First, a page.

Charles' Cozy Mark IV Project

Serial # 1394

Website last updated on: March 8, 2016

Page updated on: September 4, 2011
December 8, 2011
January 16, 2012

Chapter 14 - Center Section Spar


Quick links within this page:

Step   1 - Center section jig
Step   2 - Assembly of foam parts
Step   3 - Interior layups
Step   4 - Install the forward face
Step   5 - Outside hard points
Step   6 - Spar cap layup
Step   7 - Shoulder harness & outside layups
Step   8 - Hardpoint reinforcements
Step   9 - Access for wing attach and end layup
Step 10 - Installing in the fuselage

Chapter Overview

The center section spar is the heart of the wing attachment system. The spar is firmly attached to the fuselage at the firewall. The wings are then attached to the spar.

The top of the spar is perfectly flat. The bottom of the spar has a slight positive dihedral to allow the fuel to flow to the engine. The forward and aft faces of the spar sweep aft.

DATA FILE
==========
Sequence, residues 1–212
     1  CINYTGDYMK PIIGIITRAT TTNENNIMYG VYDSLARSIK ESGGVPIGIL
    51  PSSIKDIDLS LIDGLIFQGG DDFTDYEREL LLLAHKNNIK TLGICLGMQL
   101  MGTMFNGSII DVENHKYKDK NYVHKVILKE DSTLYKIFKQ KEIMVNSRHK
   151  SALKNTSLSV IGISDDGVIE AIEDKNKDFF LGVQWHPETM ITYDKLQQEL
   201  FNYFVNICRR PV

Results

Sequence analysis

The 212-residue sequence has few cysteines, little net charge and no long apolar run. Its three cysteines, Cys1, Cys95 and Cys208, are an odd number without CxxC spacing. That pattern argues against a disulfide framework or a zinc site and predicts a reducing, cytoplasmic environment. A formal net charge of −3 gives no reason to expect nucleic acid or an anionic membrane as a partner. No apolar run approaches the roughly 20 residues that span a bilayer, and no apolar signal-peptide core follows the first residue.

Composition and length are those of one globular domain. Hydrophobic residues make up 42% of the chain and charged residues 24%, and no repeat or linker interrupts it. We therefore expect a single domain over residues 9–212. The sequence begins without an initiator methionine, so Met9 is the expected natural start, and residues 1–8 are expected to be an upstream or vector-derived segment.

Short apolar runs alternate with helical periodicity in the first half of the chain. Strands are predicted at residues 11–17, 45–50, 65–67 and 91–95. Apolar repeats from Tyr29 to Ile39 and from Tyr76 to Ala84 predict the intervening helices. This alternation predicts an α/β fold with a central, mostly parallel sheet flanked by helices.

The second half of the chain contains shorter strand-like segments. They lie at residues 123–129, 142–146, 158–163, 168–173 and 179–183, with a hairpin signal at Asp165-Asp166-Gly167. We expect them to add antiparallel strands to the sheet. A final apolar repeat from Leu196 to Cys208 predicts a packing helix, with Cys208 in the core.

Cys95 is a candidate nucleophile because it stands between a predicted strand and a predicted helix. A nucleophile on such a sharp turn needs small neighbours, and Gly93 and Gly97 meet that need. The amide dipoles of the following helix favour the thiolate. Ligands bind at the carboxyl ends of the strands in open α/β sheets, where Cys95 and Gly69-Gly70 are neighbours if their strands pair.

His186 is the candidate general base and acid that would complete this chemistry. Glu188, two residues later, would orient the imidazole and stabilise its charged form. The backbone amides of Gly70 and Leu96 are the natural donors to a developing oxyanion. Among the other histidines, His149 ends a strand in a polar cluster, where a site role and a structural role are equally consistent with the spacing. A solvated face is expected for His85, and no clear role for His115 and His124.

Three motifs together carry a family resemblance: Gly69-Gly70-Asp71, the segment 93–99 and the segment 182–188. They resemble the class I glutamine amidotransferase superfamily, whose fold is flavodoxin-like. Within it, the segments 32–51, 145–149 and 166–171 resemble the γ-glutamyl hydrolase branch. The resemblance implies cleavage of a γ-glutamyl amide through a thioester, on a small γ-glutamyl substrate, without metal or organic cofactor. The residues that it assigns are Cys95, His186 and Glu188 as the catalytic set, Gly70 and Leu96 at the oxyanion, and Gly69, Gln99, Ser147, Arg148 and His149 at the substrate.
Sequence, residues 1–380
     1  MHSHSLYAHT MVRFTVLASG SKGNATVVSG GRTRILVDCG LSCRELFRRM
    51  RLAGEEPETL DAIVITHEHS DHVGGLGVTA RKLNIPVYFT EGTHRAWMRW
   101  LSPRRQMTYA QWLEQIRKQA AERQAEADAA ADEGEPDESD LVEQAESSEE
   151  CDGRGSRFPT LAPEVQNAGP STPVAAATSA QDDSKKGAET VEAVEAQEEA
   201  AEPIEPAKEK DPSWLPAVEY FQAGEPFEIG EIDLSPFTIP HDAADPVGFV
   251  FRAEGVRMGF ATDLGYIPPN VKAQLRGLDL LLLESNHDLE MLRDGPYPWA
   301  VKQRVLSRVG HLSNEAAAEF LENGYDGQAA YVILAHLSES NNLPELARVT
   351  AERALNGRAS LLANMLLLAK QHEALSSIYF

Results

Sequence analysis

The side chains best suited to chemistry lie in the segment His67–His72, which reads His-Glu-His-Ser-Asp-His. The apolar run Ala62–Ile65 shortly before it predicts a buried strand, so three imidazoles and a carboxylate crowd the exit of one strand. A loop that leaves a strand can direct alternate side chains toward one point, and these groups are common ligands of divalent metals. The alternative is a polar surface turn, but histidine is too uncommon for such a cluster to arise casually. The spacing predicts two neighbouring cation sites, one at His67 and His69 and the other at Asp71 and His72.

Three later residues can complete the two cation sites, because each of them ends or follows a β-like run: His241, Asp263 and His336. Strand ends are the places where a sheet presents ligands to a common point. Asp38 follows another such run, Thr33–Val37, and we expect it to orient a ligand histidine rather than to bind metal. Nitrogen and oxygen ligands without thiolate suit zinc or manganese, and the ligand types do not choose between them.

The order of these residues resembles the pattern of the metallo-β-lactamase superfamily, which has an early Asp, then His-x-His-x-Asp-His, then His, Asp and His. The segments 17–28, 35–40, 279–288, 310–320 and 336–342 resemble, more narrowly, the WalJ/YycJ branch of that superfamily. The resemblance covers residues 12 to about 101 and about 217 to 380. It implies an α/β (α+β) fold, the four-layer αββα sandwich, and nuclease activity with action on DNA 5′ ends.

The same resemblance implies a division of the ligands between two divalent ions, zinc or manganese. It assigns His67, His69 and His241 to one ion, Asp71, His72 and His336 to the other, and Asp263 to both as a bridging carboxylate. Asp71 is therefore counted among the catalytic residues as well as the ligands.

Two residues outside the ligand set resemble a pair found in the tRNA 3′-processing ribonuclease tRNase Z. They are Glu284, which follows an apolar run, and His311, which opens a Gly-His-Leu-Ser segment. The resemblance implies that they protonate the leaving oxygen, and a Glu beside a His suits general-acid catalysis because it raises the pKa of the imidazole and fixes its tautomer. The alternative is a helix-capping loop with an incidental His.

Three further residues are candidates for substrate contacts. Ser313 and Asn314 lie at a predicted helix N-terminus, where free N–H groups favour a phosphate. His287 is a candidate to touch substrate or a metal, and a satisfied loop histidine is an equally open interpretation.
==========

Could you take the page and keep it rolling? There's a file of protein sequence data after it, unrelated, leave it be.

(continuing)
Accuracy is important in building the spar. The wings stretch 28 feet from wing tip to wing tip and even small variations in the spar thickness, dihedral or sweep will have a dramatic effect at the ends of the wings.

An accurate jig made of particle board is first constructed. Then the foam for the spar is matched to the jig. When all is in place, the interior of the spar is fiberglassed. Then the spar is removed from the jig and the outside spar is built and then the entire outside of the spar is covered in a layer of fiberglassed.

Per the suggestion in the plans, I do not plan to install the spar until the wings are completed. It is easier to match the wings to the spar before it is permanently attached to the fuselage.

Step 1 - Center section jig

Building the jig was a lot of fun. It went together easily, but then, I like working with wood ;-)